Many modern couples share much more than a home and property. Plenty of spouses enjoy joint email and social media accounts, bank accounts, and cellphone packages. Divorce almost always affects these shared technologies. Even in divorces that are uncontested and generally friendly, the parties can be tempted to spy on each other’s internet history or texting activities. In some situations, divorcing couples have been known to use what another party said in a private conversation that was online to attempt to sway everything from alimony payments to child custody.
At the earliest sign of divorce, parties should begin thinking about the wisest ways to protect their digital identities. Otherwise, they may end up dealing with unwanted fallout and avoidable complications.
Untether and Halt All Social Media Accounts
The world may lean towards social media, but sites like Facebook, Instagram, and even Snapchat can provoke angry divorcing spouses. A single picture or post could be twisted into something nefarious. For this reason, people undergoing divorce would be wise to change their passwords or untether connected social media accounts with their spouses. Ideally, they should deactivate the accounts altogether, removing the possibility of the accounts being used against them. If they choose to keep their social media active, they would be wise to discuss non-divorce issues only, and block anyone with sympathies for their spouse.
Reset All Individual Passwords
It is not a good idea to reset passwords for jointly held properties, such as life insurance policies or financial accounts. However, individuals during a divorce should cover their bases and reset all social media or internet passwords. This includes passwords on devices, on popular URLs, for medical accounts, and for personal bills.
Many computers routinely store passwords for convenience. Users should write down their new passwords and delete all previously saved passwords on devices. Doing so will lessen the likelihood of an angry spouse pulling money from a bank account or snooping around on a laptop for incriminating emails.
Be Careful to Send Kids Neutral Texts and Emails
Parents may have purchased devices for their children, such as cell phones or tablets. Frequently, the parents know those device passwords out of necessity, but this can lead one parent to explore the child’s texts and emails to find negative information about the other parent.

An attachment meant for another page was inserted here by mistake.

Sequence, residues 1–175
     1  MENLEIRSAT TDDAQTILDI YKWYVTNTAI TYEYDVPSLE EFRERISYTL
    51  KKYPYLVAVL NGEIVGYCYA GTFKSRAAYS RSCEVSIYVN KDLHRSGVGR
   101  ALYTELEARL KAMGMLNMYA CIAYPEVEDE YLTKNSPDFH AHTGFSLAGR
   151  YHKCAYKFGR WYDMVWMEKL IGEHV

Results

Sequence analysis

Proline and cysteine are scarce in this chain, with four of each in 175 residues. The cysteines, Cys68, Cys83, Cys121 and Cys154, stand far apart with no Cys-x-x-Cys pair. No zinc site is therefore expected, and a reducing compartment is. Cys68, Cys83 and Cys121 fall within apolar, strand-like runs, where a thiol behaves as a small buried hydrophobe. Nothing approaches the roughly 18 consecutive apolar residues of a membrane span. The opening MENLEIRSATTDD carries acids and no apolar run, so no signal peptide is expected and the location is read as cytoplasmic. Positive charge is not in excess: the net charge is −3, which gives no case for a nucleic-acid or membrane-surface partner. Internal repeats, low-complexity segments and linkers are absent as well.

Though this sounds unconscionable, it is not illegal because both parents have the right to check the child’s device in that situation. Therefore, parents need to exercise caution when sending any messages to their children. They should avoid saying negative things about the other parent and only discussing matters important to them and their kids.
Discuss Smart and Shared Apps
More than ever, homes may be outfitted with smart technology. These apps can control doorbells, security devices, and even thermostats. Since both parties probably use the same app, they can deactivate the system if they want or make it difficult for the other party to use. To create appropriate expectations for use of these apps, especially if one party is staying in the family home while the other is not, divorcing spouses should seek the help of their divorce lawyers.
Moorestown Divorce Attorneys at Stockton Family Law Recommend All Divorcing Parties Pay Special Attention to Their Digital Privacy
Have you thought about how your digital footprint will be affected by your divorce? Talk to one of our Moorestown divorce attorneys at Stockton Family Law for legal guidance about your divorce and about your best options. Divorce is often a difficult process, please contact us online or call us at 856-412-5052 for a confidential consultation. Located in Moorestown, New Jersey, we also serve clients in Mount Laurel, Burlington, Camden County, and throughout South Jersey.